RECIPE: Wild Turkey Stock

    If you like to cook, chances are good that a lot of recipes you come across for stews, soups or sauces require some sort of stock. There's nothing wrong with store-bought stock, BUT, the flavor benefit you get from making your own is UNREAL. I'm of the belief that using homemade stock is one of the single greatest thing you can do to elevate your cooking. And beyond the amazing flavor, making stock is a great way to utilize the bones and carcasses of your wild game quarry, or of your store-bought rotisserie chicken! It's also ridiculously easy to make. Trust me, try this recipe once and you'll never discard your animal bones again. 


3 to 4 lbs. of wild turkey bones (or any other animal bones, wild or farm raised)

3 stalks of celery, chopped in half

1 carrot, chopped in half

1 large onion, quartered

1 handful of fresh parsley (5-10 sprigs)

1 handful of fresh dill (5-10 sprigs)

1 head of garlic, chopped in half horizontally through all the cloves

2 tbsp. kosher salt

1 tsp. black peppercorns

1 tsp. fennel seeds

2 dried bay leaves (I like Turkish bay leaves)

1 star anise pod

3 tbsp. vinegar (apple cider or white wine work great)

3-3.5 quarts water

*Note: The above ingredients are just a guide. Part of the spirit of stock is using up leftovers, so feel free to use basically whatever you have on hand! I didn't have a carrot for this batch, so I threw in a pepper. Hate garlic? Leave it out then. Making stock is a lot more relaxed than cooking a lot of other things, so experiment and have fun with it!


Thaw out your bones that you've been saving in the freezer. For this batch I used mostly wild turkey bones from the birds my dad and I killed this Spring in New Hampshire. But I didn't quite have enough, so I added some leftover domestic chicken bones. Part of the spirit of making stock is just using up what you have! So I'm never overly-concerned with mixing different animals. Just know that poultry bones vs. large ungulate bones (cow, deer, etc.) will yield very different flavors, so be sure to experiment to know what you like.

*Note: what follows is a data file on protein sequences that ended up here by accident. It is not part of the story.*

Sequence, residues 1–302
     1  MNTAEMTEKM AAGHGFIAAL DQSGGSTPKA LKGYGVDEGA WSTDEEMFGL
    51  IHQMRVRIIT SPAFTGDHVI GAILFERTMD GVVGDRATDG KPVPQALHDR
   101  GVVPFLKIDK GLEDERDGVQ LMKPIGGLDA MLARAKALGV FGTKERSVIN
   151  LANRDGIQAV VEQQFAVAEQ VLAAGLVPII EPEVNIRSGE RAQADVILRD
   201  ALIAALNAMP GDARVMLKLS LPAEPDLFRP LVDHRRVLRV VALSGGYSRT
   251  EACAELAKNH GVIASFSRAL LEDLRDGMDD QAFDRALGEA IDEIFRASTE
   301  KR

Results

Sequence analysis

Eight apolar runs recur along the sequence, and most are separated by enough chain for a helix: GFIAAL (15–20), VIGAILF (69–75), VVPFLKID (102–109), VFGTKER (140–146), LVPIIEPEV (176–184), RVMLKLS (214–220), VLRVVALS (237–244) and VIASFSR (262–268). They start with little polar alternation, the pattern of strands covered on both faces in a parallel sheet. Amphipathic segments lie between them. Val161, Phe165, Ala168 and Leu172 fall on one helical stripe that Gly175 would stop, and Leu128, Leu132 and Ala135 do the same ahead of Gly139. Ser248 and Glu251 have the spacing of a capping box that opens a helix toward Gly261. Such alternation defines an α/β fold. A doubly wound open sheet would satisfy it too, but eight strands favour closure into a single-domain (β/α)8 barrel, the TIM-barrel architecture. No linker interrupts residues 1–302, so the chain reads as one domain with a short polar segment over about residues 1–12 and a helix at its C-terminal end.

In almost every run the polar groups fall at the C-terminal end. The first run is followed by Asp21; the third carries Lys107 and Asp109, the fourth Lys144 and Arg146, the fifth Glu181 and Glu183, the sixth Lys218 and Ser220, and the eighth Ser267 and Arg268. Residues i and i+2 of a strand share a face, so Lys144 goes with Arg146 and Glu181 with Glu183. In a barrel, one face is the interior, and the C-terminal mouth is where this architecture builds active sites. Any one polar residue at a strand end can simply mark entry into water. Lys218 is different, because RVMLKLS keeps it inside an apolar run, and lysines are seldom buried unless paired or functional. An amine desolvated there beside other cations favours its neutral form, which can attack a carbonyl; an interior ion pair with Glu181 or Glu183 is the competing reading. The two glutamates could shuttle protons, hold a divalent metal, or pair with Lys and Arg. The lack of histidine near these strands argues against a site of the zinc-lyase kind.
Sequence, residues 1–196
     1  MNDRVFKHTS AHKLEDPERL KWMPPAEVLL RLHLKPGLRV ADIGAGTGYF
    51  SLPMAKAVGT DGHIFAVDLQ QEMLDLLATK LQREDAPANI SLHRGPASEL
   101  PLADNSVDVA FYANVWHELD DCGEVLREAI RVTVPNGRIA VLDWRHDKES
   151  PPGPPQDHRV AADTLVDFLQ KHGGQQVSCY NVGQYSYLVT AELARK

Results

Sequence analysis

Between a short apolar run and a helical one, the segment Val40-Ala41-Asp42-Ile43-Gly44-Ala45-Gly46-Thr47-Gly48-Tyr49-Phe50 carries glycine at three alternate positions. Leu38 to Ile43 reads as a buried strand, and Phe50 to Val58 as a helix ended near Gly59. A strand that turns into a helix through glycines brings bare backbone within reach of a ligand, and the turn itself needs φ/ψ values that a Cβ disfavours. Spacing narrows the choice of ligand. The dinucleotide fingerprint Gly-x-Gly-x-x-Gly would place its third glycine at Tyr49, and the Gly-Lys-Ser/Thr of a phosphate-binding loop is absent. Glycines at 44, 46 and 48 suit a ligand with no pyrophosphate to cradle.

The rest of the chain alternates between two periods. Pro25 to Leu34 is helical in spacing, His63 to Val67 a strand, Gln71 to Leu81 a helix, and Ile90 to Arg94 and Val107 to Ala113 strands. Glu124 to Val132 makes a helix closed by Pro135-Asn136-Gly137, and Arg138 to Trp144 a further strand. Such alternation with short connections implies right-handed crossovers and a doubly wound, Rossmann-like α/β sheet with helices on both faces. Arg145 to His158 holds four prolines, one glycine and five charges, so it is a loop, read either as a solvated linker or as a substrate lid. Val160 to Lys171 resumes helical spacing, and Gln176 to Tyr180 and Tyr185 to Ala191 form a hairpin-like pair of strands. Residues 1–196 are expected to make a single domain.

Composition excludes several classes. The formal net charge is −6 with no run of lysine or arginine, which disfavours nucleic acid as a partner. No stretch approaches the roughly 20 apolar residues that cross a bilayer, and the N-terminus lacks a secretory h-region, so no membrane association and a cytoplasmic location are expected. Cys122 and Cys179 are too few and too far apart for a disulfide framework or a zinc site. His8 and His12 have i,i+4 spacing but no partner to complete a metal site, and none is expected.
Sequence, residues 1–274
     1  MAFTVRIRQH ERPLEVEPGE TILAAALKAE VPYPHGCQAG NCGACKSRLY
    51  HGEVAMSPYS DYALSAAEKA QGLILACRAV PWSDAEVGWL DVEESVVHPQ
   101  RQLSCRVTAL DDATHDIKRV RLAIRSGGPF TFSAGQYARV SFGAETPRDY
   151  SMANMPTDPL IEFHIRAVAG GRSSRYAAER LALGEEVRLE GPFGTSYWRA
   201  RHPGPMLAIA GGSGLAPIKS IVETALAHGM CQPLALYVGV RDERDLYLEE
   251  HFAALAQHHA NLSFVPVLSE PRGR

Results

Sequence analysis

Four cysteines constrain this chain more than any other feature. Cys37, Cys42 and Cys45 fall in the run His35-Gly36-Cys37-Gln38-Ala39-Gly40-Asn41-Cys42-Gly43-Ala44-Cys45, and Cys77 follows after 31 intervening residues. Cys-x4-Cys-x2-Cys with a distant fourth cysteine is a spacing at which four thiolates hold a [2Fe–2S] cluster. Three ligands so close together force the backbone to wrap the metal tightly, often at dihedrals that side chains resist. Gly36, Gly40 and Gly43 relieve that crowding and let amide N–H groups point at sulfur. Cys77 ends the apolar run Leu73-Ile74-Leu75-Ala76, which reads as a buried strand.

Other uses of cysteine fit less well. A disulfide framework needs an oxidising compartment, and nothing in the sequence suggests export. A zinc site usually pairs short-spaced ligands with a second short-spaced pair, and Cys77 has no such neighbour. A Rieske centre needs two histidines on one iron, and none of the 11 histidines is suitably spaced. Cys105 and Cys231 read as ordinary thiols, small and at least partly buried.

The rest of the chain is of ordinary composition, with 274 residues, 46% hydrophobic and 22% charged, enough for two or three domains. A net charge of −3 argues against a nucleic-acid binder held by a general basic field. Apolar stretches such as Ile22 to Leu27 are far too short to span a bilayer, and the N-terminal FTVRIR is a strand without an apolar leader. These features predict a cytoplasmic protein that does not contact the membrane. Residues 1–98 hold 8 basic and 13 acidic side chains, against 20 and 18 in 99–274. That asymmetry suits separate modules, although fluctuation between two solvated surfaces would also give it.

Spread your bones out onto a roasting pan or baking sheet, and set them into the oven at 425 degrees for about 25 minutes, or until they are nice and roasty and your kitchen smells like Thanksgiving!


Layer your roasted bones with your vegetables and spices into an Instant Pot or other electric pressure-cooker. (You can also use a slow-cooker or just a stock pot on the stove, but this requires a much longer cook time, and at least for the stove-top method, requires regular checking and adding water to compensate for condensation loss. I HIGHLY recommend an Instant Pot instead.) Cover with 3-4 quarts of water, but be sure not to fill your pressure cooker beyond the maximum fill-line. 


Close and secure the lid, then pressure cook on high for two hours. I prefer to a let the pressure release naturally, but you can manually vent it if you are short on time too. What you are left with is a delicious, golden-brown liquid with depth and flavor that is hard to describe. The alchemy that happens under pressure is those two hours produces a broth that is both a sum of all the ingredients, but also something new and altogether different. And again, I cannot stress enough just how much better this will taste than store-bought stock. 


Allow the mixture to cool, and then strain into whatever vessel you'd like. I prefer to use the wide-mouth canning jars from Ball in 1-quart size as seen in the fist photo, but you can use the plastic quart sized takeout containers, or Tupperware, or whatever you have on hand. Then refrigerate the stock if you're going to use it within a few days, or freeze it and it will keep for up to a year. ***IMPORTANT: If you're freezing stock in a glass container, leave the lid off and leave some space to allow for expansion. Only put the lid on after it's fully frozen.  Another good trick I learned is to freeze some of the stock in standard ice-cube trays, and then store the cubes in a Ziplock bag in your freezer. One stock cube will equal an ounce of liquid stock once it's unfrozen, and this way your stock is already measure for smaller amounts! Need just a cup of stock? Grab 8 stock cubes from the bag! 

I hope you guys enjoy this recipe and that it enriches many of your meals to come. Leave a comment below if you make some stock, I want to know how it turns out!


Popular Posts